Tonight I watched the show on CNN by Anderson Cooper about gun violence in the south side of Chicago which has claimed the lives of 28 inner city school children so far this year. The most recent victim, Blair Holt, 17, a high school jr. just wrapping up his school year, was the most recent victim of random violence. Normally he takes a 40 minute ride on a CTA bus to his grandparents’ store to spend the late afternoon until his parents pick him up. He was on the bus with several of his school mates when a gang banger boarded the bus and opened fire at a rival gang member with a semi-automatic handgun, who apparently was unconcerned about hurting anybody else. Five students were shot, but Blair was the most seriously injured with a wound to the chest, with internal bleeding. He died later that night around 9 p.m.
Blair was not a gang member. His future was bright and he had set high goals for himself. His mother was a fire fighter and his father was a policeman. He had a strong and loving family background. But he was aware of the violent death culture around him and had no illusions about the possibility that his young life could be snuffed out at any instant. The fact that his life was cut so short by a random act of violence is a horrible tragedy.
But he’s only one of 28 such cases this year, of school children in Chicago, killed, not on school property but on their way to or from school, and some even in their own homes.
People in Chicago are angry and upset. There was a protest, and locals demanded safe passage to and from school. Other people are demanding that the state legislature pass stricter gun laws.
Arne Duncan, CEO of Chicago Public Schools had this to say when interviewed by Anderson Cooper: “The common denominator in Columbine, Virginia Tech, and all the other school shootings, is guns. People should not have guns. We as a society value our rights to keep and bear arms more than we value the lives of our children. It’s wrong.”
I’ll tell you what’s wrong: this kind of thinking that taking guns away from law abiding citizens is going to solve this problem. It’s wrong headed and simplistic. It doesn’t address the source of the problem, which is the violent inner city gang culture and morality that says “don’t be a snitch.”
Gun Control advocates point to countries like Australia and Great Britain, where they’ve outlawed gun ownership by citizens. Gun deaths have gone down. True enough. But now, only criminals have guns. The law abiding citizens have turned theirs in, and are now unarmed potential victims. Many criminals have kept their firearms, but the others have simply turned to knives, chains and other “contact weapons”. Violent crimes have not gone down, because violent criminals know they won’t get shot. Violent crimes have actually risen and the crime rate is spiraling upward.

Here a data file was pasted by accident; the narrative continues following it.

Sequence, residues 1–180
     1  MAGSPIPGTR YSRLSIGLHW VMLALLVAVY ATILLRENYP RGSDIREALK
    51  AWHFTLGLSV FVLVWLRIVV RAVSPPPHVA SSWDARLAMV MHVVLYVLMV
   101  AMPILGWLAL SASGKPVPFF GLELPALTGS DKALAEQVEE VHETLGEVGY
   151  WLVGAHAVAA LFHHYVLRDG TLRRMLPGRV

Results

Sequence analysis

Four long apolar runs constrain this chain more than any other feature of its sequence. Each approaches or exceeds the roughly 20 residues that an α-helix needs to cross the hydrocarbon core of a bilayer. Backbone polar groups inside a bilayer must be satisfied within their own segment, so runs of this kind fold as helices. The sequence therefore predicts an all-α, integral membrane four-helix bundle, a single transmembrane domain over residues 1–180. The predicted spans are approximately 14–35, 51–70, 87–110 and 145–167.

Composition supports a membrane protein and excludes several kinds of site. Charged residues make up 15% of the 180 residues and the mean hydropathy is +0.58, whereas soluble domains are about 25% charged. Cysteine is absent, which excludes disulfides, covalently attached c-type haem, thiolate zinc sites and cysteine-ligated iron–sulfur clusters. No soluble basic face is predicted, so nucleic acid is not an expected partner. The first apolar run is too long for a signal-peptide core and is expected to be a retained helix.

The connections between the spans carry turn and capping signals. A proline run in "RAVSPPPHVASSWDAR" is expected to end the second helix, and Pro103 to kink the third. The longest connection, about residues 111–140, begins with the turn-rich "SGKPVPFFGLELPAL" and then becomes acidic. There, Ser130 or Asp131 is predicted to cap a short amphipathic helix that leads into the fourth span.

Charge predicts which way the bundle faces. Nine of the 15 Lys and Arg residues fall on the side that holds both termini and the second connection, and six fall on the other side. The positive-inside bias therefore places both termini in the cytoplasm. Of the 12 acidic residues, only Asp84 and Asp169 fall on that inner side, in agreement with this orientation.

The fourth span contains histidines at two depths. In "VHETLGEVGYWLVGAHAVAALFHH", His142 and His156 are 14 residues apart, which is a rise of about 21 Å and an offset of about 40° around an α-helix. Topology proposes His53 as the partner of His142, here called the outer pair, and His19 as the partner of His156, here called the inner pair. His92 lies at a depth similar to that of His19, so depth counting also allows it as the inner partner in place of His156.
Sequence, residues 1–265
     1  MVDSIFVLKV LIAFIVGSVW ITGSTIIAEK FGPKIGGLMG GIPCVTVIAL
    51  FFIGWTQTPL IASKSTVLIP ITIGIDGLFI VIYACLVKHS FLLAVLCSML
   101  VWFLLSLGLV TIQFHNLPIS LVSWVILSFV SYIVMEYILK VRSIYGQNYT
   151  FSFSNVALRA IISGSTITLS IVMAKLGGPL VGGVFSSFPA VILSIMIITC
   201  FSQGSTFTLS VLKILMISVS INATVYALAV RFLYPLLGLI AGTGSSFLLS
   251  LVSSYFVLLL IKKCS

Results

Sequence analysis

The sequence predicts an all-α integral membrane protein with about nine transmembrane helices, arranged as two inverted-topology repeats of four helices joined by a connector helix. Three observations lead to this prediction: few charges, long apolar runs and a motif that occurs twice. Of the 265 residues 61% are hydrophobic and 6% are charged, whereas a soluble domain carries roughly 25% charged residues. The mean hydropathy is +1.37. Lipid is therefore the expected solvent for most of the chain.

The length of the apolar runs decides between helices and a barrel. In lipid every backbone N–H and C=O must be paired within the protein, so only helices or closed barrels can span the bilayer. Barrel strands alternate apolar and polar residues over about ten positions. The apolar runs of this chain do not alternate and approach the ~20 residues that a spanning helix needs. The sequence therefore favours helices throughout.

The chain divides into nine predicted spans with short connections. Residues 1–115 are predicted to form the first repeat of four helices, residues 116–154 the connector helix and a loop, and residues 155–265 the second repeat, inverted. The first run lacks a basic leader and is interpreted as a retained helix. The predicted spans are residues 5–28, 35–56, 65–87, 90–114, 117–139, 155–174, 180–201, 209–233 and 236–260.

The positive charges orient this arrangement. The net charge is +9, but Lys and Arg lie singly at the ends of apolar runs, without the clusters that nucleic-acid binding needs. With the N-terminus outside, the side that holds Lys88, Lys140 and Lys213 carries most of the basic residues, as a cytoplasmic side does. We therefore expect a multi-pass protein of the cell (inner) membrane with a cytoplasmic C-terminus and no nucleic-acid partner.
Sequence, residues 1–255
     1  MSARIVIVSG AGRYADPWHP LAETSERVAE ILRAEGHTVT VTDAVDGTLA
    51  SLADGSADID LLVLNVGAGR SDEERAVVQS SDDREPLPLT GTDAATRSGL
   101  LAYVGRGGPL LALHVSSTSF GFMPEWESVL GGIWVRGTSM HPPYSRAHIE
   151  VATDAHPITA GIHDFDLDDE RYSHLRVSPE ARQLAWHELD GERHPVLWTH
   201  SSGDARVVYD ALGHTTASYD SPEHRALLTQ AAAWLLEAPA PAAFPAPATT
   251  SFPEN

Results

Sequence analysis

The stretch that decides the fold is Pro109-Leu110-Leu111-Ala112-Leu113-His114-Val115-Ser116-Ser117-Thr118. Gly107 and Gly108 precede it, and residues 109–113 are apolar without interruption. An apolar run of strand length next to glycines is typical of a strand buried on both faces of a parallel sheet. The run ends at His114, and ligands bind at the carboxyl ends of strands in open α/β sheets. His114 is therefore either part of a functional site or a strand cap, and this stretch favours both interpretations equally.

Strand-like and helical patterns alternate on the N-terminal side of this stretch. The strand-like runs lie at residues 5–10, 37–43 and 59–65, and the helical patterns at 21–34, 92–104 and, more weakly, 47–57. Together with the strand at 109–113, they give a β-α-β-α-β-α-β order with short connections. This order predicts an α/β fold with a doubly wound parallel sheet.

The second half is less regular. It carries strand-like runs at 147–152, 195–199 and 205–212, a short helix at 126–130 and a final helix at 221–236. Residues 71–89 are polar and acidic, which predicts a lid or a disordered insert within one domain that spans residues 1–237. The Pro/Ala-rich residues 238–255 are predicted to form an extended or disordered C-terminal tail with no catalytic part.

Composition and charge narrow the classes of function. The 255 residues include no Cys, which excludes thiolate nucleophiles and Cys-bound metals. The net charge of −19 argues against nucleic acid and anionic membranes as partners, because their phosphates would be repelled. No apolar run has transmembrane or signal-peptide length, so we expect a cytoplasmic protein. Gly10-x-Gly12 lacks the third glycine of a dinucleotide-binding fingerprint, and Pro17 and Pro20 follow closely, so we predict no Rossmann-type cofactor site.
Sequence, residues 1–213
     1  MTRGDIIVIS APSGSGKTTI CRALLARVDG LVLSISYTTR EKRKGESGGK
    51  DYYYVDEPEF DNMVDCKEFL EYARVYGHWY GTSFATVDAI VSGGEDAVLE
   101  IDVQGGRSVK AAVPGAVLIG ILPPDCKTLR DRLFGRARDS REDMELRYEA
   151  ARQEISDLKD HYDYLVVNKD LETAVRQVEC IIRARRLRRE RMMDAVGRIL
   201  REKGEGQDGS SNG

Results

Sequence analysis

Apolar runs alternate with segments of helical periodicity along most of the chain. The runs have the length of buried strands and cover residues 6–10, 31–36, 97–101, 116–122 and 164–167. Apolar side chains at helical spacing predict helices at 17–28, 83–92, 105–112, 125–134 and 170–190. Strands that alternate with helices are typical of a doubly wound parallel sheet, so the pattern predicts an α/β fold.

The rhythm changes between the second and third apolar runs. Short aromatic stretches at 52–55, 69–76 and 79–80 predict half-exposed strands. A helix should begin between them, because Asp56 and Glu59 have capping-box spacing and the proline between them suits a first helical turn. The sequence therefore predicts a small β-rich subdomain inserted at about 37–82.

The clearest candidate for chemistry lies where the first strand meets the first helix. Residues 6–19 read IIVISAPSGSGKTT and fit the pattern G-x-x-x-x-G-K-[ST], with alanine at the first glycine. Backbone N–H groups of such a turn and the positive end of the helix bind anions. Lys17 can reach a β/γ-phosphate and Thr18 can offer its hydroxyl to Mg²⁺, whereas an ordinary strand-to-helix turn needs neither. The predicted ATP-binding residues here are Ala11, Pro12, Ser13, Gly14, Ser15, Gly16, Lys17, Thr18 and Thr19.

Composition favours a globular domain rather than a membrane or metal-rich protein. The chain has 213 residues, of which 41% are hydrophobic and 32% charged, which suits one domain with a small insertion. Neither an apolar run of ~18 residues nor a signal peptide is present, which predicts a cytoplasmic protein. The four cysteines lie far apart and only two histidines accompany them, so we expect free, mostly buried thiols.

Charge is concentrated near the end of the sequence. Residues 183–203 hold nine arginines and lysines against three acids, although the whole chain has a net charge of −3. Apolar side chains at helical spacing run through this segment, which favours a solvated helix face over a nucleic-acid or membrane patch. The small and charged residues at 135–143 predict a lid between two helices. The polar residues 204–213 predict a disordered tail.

You can pass laws making guns illegal, and the law abiding citizens will turn in their guns, but not the criminals. Criminals know that strict gun laws guarantee safety for armed criminals, so it doesn’t make sense to turn in their guns. Enforcing existing laws, attacking the gang problem instead of the so called gun problem, prosecuting criminals instead of gun owners, might have a more positive effect than just taking otherwise legal guns away from otherwise law abiding citizens. Criminalizing gun ownership is not going to solve the problem of inner city violence and death among inner city school kids on their way to and from school. Legal gun owners aren’t killing school kids in Chicago. All you do by passing more laws is make more people criminals. Enforce existing law vigorously and things might change. Make criminals responsible and accountable for their crimes, and things might change. Put the blame on guns, and make guns the villain, and nothing will change.
City and State executives who are responsible for enforcing the law aren’t taking that responsibility seriously, and only muddy the waters by calling upon the legislatures to write more laws with stronger enforcement provisions. But they feel the pressure to do something, anything that will make it look like they're actually concerned and want to do something, so that’s what they do. And legislatures add to the problem by responding to the pressure to pass more laws instead of sticking to their real function, which is to provide actual funding for vigorous enforcement of existing laws. And the revolving door that characterizes our current judicial system really adds to the problem by turning violent criminals loose because the jails and prisons are over crowded and incapable of holding our deserving criminal population. But let’s make more criminals by outlawing gun ownership by law abiding, non-violent citizens. That makes a lot sense, doesn't it?